In some, but not all, two-doublet models, a charged Higgs below about 350 GeV conflicts with b –> s gamma measurements. But not all models have that conflict (see the above slides). Electroweak precision results depend on the splitting of the charged Higgs mass and one of the heavy neutral ones, so are currently not providing constraints.

    As far as vacuum stability, a charged Higgs can contribute positively to the standard model lambda, thus eliminating the instability. But now there are so many new lambda couplings that keeping them all in the stable, but perturbative regime is quite constraining.

    Finally, “charged Higgs” is a terrible term. If “Higgs” is a field that gets a vev, then the photon’s masslessness means the Higgs is neutral. If “charged Higgs” is defined as the member of an isodoublet whose neutral component gets a vev, then they were already discovered in 1984 (longitudinal W’s). So “charged scalar” would be a better term, but alas, the terminology is too ingrained to change.

  7. Phillip,

    I had not thought much about this issue but it seems to relate to my other speculations… in any case I found your article inspiring so I wrote on it hopefully find it entertaining… you too Lubos. www,pesla.blogspot,com posted as State of the Vision on the Higgs Mechanism.

    I hope my lose term new physics is not the technical one of the inclusion of quantum mechanics but newer physics on the horizon- there are many thoughts to speculate upon, even wildly as you say… I see here in the diphoton anomaly may shore up the standard theory somewhat but as far as the geometry is concerned we need no fourth or gravity force at all to integrate into it as it falls out from higher theories.

    I hope my philosophic critique is helpful for working physicists and praise the collider project and the theoreticians like Higgs and his imagination as worthy things humans have done,,, You should not feel less excited, glad to see the subject of Higgs still alive :-)

    Leonard Edgar Otto

  8. Phillip,

    The answer is in my blog http://www.primons.com. There you’ll see the reasons why there should exist 3 Higgs-like bosons (one neutral and two charged).

  9. It could be worthwhile to remember that even higssless SUSY has three scalars with charges 0,+1,-1; it follows from the gauge multiplet: a massive gauge particle has three polarisation states, thus it needs at least a “Dirac”, or two Weyl, fermion to fit them, with four states, and then this fermion needs one scalar partner (I call it the “scalar partner of the gauge partnet of the massive vector boson”, or s-gaug-ino).

    • Mitchell Porter says:

      The standard name seems to be “gauge scalars”, e.g. these would be electroweak gauge scalars. (Gauge scalars for the strong force are “sgluons”.)

      • The descriptions you state, Mr. Porter, are not necessarily relevant in the newer symmetries of physics where the 0 state is neutral and even anti-neutral. What is physically observable, and symmetric in the observation of such charge cannot be shown or proved by such interpretations as to the standard theory. After all the mechanism supplies mass, and on that level we would expect the mass as well as charge in the hidden landscape to be biased to some degree in the amounts of mass. All you Einsteins really should contemplate spaces with a little more imagination.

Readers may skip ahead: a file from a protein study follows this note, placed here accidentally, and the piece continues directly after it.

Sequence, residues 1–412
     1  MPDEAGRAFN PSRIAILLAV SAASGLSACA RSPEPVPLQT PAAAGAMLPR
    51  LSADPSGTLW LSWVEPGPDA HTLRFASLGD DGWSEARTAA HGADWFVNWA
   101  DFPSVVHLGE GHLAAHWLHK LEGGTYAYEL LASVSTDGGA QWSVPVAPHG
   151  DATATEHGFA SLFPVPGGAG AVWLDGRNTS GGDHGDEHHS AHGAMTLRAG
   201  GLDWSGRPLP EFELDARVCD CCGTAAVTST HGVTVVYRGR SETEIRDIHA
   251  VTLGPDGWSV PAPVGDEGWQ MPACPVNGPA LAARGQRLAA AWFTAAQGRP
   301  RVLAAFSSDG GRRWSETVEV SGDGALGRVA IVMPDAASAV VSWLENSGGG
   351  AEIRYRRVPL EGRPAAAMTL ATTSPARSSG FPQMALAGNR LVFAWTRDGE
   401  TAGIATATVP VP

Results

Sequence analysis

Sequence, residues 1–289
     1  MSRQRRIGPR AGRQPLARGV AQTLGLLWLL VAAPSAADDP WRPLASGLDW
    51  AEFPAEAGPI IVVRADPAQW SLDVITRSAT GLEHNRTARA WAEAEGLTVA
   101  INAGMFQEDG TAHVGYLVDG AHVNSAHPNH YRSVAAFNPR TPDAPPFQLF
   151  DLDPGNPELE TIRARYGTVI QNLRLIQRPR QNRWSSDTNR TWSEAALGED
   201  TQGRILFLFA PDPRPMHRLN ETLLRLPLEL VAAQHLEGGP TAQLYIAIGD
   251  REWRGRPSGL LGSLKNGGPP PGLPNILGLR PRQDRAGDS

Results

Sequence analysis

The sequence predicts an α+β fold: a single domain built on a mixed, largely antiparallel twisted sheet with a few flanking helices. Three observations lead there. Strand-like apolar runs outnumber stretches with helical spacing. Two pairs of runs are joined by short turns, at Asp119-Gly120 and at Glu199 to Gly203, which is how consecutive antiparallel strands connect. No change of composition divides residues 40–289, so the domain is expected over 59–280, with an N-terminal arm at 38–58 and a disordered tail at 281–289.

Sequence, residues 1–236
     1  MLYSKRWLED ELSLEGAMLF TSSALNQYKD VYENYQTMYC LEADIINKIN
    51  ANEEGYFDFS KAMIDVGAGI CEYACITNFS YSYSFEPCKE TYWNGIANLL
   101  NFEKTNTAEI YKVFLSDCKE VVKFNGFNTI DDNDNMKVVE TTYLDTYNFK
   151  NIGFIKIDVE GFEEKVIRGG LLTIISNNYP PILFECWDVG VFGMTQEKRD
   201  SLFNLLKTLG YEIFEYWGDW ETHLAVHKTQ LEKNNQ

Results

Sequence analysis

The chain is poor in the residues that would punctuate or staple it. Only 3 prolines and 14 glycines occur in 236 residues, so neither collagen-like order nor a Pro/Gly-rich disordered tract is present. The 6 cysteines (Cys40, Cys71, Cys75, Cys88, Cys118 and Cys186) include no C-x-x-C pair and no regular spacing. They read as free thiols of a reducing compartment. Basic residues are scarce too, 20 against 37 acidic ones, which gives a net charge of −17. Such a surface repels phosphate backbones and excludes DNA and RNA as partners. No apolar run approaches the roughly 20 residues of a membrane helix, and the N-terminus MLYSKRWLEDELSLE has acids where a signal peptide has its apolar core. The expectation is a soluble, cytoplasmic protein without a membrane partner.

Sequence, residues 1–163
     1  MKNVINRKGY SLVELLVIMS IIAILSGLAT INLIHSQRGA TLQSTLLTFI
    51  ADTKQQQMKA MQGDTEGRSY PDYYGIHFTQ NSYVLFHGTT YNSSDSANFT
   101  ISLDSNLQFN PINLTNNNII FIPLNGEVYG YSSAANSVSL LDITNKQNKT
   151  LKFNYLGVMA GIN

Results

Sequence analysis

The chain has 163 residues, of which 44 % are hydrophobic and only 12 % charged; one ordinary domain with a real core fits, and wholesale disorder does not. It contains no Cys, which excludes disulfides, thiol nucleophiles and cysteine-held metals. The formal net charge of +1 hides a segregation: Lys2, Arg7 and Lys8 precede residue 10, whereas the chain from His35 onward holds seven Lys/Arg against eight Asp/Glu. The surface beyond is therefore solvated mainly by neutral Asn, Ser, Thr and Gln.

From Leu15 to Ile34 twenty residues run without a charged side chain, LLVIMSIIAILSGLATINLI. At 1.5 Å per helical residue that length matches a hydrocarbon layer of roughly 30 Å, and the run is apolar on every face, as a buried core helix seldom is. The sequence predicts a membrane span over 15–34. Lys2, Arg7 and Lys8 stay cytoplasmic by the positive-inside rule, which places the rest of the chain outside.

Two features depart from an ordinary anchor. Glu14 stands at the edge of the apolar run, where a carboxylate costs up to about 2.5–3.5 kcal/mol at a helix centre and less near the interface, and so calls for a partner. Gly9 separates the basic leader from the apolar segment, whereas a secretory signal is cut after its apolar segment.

10. ohwilleke says:

    FWIW, my money in the diphoton excess is still on the interaction between random statistical variation in diphoton production rates and the threshold criteria for deciding that a Higgs boson has been discovered.

    The diphoton channel is one of the dominant channels in declaring that a Higgs boson has been discovered because it implies a particle with an even integer spin and all of the Standard Model particles have either spin one-half (i.e. non-integer spin), or spin one (i.e. odd integer spin).

    Statistically, this means that whenever it happens that the LHC has data sufficient to declare that a Higgs boson has been discovered, it is much more likely that at that moment there is a diphoton excess than it is that there is a diphoton deficit at that moment.

    Given the modest amount of the diphoton excess (a 2.2 sigma excess somewhere in the massive stream of results isn’t that unusual) and the subtle bias at this moment in time in terms of released diphoton data so close to the Higgs boson discovery announcement, it is hard to attach much signficance to it. Have we had any new diphoton data since that announcement was made?

    If masses under 105 GeV have been ruled out, what kind of mass predictions have been made for charged Higgs bosons?

    • JollyJoker says:

      I’m a bit skeptical of your statistics here. Assuming an SM Higgs only, the LHC could have had a diphoton excess or deficit with equal chances. The Higgs would have been discovered either way. It would, of course, have required a bit more data to get five sigma with a diphoton deficit, but that doesn’t change the prior probabilities.

      • ohwilleke says:

        “the LHC could have had a diphoton excess or deficit with equal chances.”

        In the long run, that is true, but if you are reviewing the data as it is accumulated and then analyze the data at the moment that it crosses a given threshold sigma level which is predominantly a function of the number of diphoton events, then this isn’t true.